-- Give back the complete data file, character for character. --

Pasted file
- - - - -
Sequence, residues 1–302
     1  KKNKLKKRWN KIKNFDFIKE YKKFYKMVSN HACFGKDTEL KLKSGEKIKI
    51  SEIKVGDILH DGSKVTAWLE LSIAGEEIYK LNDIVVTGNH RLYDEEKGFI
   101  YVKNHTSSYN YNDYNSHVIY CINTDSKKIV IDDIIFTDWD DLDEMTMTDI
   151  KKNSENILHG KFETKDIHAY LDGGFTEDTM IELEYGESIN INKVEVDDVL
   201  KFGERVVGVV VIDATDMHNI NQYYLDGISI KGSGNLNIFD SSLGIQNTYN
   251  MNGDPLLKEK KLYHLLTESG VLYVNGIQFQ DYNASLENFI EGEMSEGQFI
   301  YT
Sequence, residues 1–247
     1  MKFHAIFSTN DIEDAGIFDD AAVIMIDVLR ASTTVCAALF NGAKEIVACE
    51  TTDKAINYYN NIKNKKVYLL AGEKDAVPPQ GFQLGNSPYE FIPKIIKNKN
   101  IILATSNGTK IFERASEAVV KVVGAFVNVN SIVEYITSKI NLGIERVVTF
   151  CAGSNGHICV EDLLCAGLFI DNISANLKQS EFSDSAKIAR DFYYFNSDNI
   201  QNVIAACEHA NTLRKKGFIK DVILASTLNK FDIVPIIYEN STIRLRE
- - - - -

Sequence, residues 1–302
     1  KKNKLKKRWN KIKNFDFIKE YKKFYKMVSN HACFGKDTEL KLKSGEKIKI
    51  SEIKVGDILH DGSKVTAWLE LSIAGEEIYK LNDIVVTGNH RLYDEEKGFI
   101  YVKNHTSSYN YNDYNSHVIY CINTDSKKIV IDDIIFTDWD DLDEMTMTDI
   151  KKNSENILHG KFETKDIHAY LDGGFTEDTM IELEYGESIN INKVEVDDVL
   201  KFGERVVGVV VIDATDMHNI NQYYLDGISI KGSGNLNIFD SSLGIQNTYN
   251  MNGDPLLKEK KLYHLLTESG VLYVNGIQFQ DYNASLENFI EGEMSEGQFI
   301  YT
Sequence, residues 1–247
     1  MKFHAIFSTN DIEDAGIFDD AAVIMIDVLR ASTTVCAALF NGAKEIVACE
    51  TTDKAINYYN NIKNKKVYLL AGEKDAVPPQ GFQLGNSPYE FIPKIIKNKN
   101  IILATSNGTK IFERASEAVV KVVGAFVNVN SIVEYITSKI NLGIERVVTF
   151  CAGSNGHICV EDLLCAGLFI DNISANLKQS EFSDSAKIAR DFYYFNSDNI
   201  QNVIAACEHA NTLRKKGFIK DVILASTLNK FDIVPIIYEN STIRLRE